Boston, MA -- (SBWIRE) -- 08/28/2012 -- BMI View: If investment levels remain on target, Malaysia could create a significant net power export capability, with Indonesia keen to become a customer for surplus electricity. Nuclear power forms part of the 'wish list', but near-term supply expansion relies largely on thermal and hydro schemes, with renewables growing rapidly from a low base.
The government has recently given the go-ahead to begin identifying suitable sites for the country's first nuclear power plant. A budget of US$7bn has reportedly been allocated to the nuclear scheme, which, according to Peter Chin Fah Kui, minister of energy for green technology and water, is expected to start operations in 2021. This is arguably an optimistic timeframe for the completion of Malaysia's first reactors. Our forecasts until 2021 do not incorporate any nuclear production. In line with the country's vast gas reserves and its status as one of the world's largest gas exporters, gas will remain the most important source of energy for the country. We note though the increasingly attractive nature of coal due to its lower-price point per unit of energy and to increasingly cleaner coal utilization technologies.
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Key trends and recent developments in the Malaysian electricity market include:
- As with other regional gas-producing countries, Malaysia is torn between maximising its important export revenues from the fuel and exploiting it as the basis for power generation growth. The country could even end up importing some liquefied natural gas (LNG) to supply geographically remote power projects, rather than building costly local supply infrastructure.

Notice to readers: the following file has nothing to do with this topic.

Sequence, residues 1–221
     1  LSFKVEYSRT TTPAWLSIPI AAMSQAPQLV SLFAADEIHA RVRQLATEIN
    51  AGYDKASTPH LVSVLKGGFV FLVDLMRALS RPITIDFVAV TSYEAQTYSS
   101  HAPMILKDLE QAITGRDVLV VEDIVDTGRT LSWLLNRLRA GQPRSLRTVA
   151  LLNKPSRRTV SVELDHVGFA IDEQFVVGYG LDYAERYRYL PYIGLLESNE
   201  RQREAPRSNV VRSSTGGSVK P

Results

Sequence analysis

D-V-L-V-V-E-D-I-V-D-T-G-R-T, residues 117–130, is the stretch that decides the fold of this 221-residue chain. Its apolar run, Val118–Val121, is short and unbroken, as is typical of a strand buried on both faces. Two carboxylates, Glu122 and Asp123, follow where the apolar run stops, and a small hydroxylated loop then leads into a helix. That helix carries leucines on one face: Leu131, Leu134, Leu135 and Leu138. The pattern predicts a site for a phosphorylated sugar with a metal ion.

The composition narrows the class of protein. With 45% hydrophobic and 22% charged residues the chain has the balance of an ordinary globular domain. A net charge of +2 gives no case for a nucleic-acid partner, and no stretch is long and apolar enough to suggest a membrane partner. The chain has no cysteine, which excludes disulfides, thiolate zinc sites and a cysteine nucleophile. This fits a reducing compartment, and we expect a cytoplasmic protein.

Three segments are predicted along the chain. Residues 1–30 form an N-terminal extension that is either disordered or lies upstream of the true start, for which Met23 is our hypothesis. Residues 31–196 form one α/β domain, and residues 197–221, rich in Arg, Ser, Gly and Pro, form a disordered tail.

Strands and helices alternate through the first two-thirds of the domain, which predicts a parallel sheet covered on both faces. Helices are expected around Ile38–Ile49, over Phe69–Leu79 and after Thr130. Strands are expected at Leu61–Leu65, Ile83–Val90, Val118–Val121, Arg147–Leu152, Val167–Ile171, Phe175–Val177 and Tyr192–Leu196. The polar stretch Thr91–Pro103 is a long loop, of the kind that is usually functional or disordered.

- We expect total electricity generation in Malaysia to reach 120TWh in 2012, an increase of 4.33% from 2011 levels. Thermal generation will be the main driver of growth with subcategories coal and natural gas increasing by 5.5% and 4.04% in 2012 to reach 33.4TWh and 76.9TWh in electricity generation, respectively. Malaysia's vast natural gas resources has made electricity generation from gas the dominant form of fuel in the country with a 2011 total electricity generation share of 64.2%.
- We expect total power generation in the country to grow at an annual average rate of 4.83% from 120.1TWh in 2012 to 183.6TWh in 2021. Thermal power generation will remain the most dominant form of energy in the country increasing its share of total power generation from 93.5% in 2012 to 94.3% in 2021. Coal power generation is set to grow at an annual average rate of 5.2% from 33.4TWh in 2012 to 52.8TWh in 2021. Natural gas power generation is set to grow at an annual average rate of 4.9% from 76.9TWh in 2012 to 118.3TWh in 2021.
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